Neighborhood effects of safe routes to school programs on the likelihood of active travel to school

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Contribution to a Book

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Transportation Research Record







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Safe routes to school (SRTS) programs aim to increase the share of students commuting to school by active modes (e.g., walking and cycling). This study measures the relationship between the presence of SRTS programs in a neighborhood and children’s journey-to-school mode choice. Children were identified from households in the 2012 California Household Travel Survey and they were classified based on whether they commuted to school by active modes. Next, census tracts with SRTS programs were identified based on the presence of data in the National Center for Safe Routes to School (NCSRTS) data collection system. Based on these two datasets, a logistic regression model estimated the likelihood that a child commuted to school by active modes, based on the presence of a SRTS program and controlling for individual, household, and tract characteristics. This analysis was supplemented with stakeholder interviews about the nature of SRTS programs within the study area and how they are perceived. Findings indicate that longer trip distance and race (relative to white students) are associated with reduced rates of active travel to school, but that these differences are mitigated by the presence of SRTS programs. Interviews suggest SRTS programs in the study area primarily emphasize education and encouragement rather than engineering interventions. It was concluded that the effect of such SRTS programming might best be described as reducing barriers to active school travel rather than simply increasing the likelihood of using active modes.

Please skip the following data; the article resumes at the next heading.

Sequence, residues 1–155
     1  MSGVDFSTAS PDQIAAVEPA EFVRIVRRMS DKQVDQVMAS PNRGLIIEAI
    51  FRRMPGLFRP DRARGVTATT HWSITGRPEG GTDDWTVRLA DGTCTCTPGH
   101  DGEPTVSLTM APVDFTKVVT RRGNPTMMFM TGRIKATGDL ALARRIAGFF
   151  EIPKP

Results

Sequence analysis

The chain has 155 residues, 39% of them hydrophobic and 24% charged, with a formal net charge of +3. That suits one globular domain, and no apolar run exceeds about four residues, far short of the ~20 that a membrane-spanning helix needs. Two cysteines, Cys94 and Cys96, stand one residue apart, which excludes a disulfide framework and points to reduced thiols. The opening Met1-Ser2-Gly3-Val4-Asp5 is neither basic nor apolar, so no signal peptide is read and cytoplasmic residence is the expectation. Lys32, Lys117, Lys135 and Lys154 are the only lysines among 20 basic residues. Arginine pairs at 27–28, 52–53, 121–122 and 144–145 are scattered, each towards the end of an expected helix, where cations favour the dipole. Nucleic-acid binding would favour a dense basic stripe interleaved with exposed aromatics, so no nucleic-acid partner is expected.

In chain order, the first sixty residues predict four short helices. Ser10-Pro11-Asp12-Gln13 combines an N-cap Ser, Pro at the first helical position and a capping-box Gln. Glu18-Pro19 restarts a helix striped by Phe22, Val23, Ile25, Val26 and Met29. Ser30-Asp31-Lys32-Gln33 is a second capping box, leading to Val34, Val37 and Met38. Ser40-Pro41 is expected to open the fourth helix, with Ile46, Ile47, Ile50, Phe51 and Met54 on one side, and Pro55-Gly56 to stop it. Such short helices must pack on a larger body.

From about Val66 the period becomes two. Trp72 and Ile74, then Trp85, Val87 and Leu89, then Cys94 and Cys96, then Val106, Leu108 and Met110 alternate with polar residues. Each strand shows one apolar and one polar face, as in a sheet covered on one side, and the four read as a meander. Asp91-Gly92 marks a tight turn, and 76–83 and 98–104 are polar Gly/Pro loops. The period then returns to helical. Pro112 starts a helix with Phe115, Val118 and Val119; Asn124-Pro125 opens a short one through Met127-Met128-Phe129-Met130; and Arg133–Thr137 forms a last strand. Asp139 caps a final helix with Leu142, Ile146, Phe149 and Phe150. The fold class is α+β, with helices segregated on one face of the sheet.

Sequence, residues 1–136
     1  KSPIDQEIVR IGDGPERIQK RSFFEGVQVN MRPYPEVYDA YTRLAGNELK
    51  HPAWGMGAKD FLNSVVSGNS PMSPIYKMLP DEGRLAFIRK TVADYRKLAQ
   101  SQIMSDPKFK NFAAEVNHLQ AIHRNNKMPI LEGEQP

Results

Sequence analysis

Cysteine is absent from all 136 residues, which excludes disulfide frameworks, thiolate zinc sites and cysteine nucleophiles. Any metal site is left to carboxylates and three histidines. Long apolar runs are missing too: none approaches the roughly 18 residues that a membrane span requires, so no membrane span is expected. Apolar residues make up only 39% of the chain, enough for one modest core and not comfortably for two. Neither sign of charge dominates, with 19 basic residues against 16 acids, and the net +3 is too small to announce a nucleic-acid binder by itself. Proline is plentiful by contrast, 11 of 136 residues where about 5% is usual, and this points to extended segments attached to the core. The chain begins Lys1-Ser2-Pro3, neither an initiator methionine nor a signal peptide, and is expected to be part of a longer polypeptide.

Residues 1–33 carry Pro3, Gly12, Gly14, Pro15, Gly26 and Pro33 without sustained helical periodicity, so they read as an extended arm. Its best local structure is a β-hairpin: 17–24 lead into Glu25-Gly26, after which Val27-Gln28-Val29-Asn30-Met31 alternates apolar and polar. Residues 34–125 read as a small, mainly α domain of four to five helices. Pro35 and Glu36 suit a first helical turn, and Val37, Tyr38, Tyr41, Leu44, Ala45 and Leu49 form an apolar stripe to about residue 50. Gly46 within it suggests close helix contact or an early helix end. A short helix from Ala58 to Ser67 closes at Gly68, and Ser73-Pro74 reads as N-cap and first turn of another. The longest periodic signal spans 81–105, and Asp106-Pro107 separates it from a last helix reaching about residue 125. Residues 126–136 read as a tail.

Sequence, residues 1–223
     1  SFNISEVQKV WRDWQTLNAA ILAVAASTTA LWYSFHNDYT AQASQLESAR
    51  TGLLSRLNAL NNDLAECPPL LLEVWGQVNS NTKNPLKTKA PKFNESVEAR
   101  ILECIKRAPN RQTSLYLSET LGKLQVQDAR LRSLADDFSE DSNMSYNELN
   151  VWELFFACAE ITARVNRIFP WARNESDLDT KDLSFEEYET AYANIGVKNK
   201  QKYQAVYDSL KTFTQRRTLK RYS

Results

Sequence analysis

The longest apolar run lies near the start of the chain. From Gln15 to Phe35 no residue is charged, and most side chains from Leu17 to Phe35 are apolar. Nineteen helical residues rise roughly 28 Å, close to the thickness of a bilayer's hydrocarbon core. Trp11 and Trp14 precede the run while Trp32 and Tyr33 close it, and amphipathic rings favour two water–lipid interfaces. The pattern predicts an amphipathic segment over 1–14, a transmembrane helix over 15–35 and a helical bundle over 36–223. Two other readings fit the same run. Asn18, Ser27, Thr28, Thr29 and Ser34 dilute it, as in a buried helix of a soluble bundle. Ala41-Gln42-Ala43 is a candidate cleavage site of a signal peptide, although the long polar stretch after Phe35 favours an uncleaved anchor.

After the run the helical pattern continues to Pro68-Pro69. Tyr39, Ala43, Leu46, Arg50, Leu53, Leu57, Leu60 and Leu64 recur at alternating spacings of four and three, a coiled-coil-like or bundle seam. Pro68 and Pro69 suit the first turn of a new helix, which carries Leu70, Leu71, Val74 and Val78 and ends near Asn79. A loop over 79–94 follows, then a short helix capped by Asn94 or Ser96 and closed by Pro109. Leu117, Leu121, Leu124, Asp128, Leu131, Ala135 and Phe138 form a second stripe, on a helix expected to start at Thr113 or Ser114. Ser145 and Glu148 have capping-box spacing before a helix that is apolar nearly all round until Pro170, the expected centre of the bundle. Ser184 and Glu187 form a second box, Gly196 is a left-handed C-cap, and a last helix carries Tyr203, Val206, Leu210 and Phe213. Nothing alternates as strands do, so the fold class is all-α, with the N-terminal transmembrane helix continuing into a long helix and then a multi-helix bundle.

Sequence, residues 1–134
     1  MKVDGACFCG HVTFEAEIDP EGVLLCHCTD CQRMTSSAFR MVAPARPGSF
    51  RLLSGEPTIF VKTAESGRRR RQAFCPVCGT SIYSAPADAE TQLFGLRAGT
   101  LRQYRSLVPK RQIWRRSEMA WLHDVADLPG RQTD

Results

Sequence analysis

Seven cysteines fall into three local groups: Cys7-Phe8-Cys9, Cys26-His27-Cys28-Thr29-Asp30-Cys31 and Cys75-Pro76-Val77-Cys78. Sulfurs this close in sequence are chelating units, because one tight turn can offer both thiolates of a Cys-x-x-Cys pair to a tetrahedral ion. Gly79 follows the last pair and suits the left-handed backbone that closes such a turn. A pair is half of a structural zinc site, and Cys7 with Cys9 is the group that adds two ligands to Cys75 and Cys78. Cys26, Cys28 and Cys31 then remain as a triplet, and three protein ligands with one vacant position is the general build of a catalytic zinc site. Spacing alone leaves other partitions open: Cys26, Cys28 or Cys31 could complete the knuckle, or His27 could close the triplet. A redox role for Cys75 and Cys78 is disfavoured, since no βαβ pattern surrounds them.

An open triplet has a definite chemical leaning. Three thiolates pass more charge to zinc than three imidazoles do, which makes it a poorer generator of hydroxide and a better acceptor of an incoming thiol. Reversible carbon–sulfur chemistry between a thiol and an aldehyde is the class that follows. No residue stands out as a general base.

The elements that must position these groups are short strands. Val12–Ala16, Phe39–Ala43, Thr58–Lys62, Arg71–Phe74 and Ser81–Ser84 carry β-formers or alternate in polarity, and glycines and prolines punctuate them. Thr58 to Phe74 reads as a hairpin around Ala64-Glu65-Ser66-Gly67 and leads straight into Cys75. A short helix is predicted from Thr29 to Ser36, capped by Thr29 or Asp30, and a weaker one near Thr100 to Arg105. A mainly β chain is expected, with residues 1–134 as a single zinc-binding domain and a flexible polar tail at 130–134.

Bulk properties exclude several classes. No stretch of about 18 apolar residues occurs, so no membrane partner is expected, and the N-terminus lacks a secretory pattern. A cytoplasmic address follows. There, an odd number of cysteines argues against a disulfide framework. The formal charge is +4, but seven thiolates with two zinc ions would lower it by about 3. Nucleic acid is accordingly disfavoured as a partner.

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Urban and Regional Planning